While we may not really want to think about it, data breaches happen daily in every business sector, and healthcare is no exception. In fact, quite the opposite: Healthcare is actually the most frequently targeted industry for cyberattacks, accounting for three-fourths of all hacks, and close to two incidents daily throughout 2022. This results in tens of millions of patient records being exposed online each year.
Part of the reason for this is that healthcare data is quite valuable to hackers, worth up to 50 times more than credit card data on the black market, according to a recent Trustwave report. With that incentive, many hackers have targeted the sector, resulting in even more threats to hospitals and medical offices.
The repercussions of healthcare data hacks go well beyond you and your IT team. Any irregular use of protected health information (PHI) is subject to HIPAA regulations and potential fines. Further, according to the HIPAA Breach Notification Rule, all organizations are required to follow a specific set of steps if they think a data breach has occurred.
Because of this, it’s very important to understand the steps your organization will need to take if you think a breach has occurred.
What exactly is a PHI breach?
First off, it’s important to actually understand what HIPAA outlines as a PHI breach. The official definition is “an impermissible use or disclosure under the Privacy Rule that compromises the security or privacy of the protected health information,” according to the U.S. Department of Health and Human Services. This means organizations have to think about:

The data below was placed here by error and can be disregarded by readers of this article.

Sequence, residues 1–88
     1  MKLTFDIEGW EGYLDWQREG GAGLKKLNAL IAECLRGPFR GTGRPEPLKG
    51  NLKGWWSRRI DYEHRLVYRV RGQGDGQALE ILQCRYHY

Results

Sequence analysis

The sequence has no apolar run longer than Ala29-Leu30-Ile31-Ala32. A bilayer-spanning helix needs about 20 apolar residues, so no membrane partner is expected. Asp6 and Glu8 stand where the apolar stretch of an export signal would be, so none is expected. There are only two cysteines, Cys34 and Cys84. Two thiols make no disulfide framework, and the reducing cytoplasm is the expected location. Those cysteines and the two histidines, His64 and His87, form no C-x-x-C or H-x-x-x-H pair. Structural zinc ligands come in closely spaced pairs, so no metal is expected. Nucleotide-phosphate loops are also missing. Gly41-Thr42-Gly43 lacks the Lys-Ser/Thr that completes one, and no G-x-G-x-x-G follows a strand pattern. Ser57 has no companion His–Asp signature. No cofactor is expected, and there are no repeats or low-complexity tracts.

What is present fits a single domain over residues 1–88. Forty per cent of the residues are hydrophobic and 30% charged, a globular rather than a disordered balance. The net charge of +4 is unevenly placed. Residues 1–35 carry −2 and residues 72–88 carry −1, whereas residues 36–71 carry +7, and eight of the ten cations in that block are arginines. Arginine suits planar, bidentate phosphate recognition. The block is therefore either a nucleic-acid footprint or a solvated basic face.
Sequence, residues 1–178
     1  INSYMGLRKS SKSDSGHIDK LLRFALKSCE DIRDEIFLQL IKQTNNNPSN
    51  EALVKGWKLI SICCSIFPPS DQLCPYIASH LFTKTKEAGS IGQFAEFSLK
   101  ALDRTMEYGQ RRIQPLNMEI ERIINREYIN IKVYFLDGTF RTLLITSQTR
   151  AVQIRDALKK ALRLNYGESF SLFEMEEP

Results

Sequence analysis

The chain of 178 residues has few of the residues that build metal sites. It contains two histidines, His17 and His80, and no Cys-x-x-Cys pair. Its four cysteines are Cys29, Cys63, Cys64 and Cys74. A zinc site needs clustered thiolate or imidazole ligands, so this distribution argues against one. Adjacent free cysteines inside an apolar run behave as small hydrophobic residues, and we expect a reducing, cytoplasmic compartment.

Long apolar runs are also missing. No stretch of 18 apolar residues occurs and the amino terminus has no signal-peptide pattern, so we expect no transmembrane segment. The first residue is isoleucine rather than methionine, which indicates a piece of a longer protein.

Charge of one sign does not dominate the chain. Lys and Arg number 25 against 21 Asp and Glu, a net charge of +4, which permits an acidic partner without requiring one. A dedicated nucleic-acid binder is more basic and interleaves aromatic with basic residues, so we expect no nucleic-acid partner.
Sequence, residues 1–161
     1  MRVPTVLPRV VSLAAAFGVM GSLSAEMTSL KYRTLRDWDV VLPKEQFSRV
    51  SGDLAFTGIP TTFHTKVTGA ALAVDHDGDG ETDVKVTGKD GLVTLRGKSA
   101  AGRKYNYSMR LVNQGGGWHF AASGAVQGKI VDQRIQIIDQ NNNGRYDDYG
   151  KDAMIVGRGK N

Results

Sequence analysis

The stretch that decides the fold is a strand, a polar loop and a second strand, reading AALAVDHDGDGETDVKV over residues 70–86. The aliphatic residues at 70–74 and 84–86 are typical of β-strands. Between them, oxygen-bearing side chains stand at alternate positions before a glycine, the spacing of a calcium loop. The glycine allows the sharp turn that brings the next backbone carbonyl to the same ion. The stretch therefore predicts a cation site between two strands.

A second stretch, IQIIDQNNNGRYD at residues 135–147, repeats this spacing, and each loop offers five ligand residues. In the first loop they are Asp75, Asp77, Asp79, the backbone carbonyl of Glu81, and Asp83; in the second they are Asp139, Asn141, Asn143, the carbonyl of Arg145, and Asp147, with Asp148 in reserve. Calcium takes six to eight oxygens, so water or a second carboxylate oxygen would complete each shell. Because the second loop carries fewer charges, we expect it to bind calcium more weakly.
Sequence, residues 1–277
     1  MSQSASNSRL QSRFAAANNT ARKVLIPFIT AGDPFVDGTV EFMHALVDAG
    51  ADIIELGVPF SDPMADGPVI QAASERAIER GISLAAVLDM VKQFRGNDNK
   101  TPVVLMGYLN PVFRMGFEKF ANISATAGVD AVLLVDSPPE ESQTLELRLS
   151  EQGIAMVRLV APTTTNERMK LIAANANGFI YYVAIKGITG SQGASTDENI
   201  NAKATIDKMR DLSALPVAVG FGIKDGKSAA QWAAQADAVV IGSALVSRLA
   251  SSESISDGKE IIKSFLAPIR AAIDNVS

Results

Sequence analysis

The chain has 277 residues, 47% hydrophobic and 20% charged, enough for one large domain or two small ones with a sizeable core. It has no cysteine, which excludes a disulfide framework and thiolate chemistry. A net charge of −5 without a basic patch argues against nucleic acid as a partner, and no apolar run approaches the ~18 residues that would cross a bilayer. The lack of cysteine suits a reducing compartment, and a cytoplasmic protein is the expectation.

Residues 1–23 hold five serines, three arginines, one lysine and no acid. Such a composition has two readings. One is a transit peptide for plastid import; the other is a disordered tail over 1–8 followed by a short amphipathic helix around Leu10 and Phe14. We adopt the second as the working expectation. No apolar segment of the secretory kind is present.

- What kind of data was involved in the breach, including any information that can result in being able to identify a patient
- Who disclosed the information and to whom it was disclosed
- Whether the PHI was actually taken or viewed by another party
- Whether the risk of exposure has been mitigated
The HIPAA Breach Notification Rule has a “guilty until proven innocent” approach. HIPAA assumes any impermissible use or disclosure of PHI is a breach unless your organization can prove there is a low probability that the information was compromised or used based on the above factors.
There are some exceptions to these guidelines, but, in general, they require the information to either have been inadvertently accessed by someone who would normally have access to similar information at your organization or inadvertently forwarded among such people. This means that if any outside parties were involved, then you’ll need to report it to HIPAA.
“HIPAA, we have a problem”
So, what do you do if you think a breach has actually occurred at your office? The good news is that HIPAA requires a very specific protocol, which takes a lot of guesswork out of the equation. The bad news, though, is that there are many steps to follow.
Entities are required to notify any individuals impacted by a PHI breach within 60 days of discovering the breach. This notice must be sent by first-class mail unless the individuals have previously agreed to receive information from your office by email, in which case email is acceptable. However, suppose your patient information is determined to be insufficient or out-of-date. In that case, you will also need to post a notice on your website for at least 90 days – and it only takes 10 incomplete or out-of-date patient records to trigger this requirement.
Further, you must maintain a toll-free number for impacted individuals to learn about the breach for at least 90 days from the incident’s discovery.
For all these notifications, HIPAA also provides specific requirements for what information must be shared with individuals. This includes:
1) a description of the breach;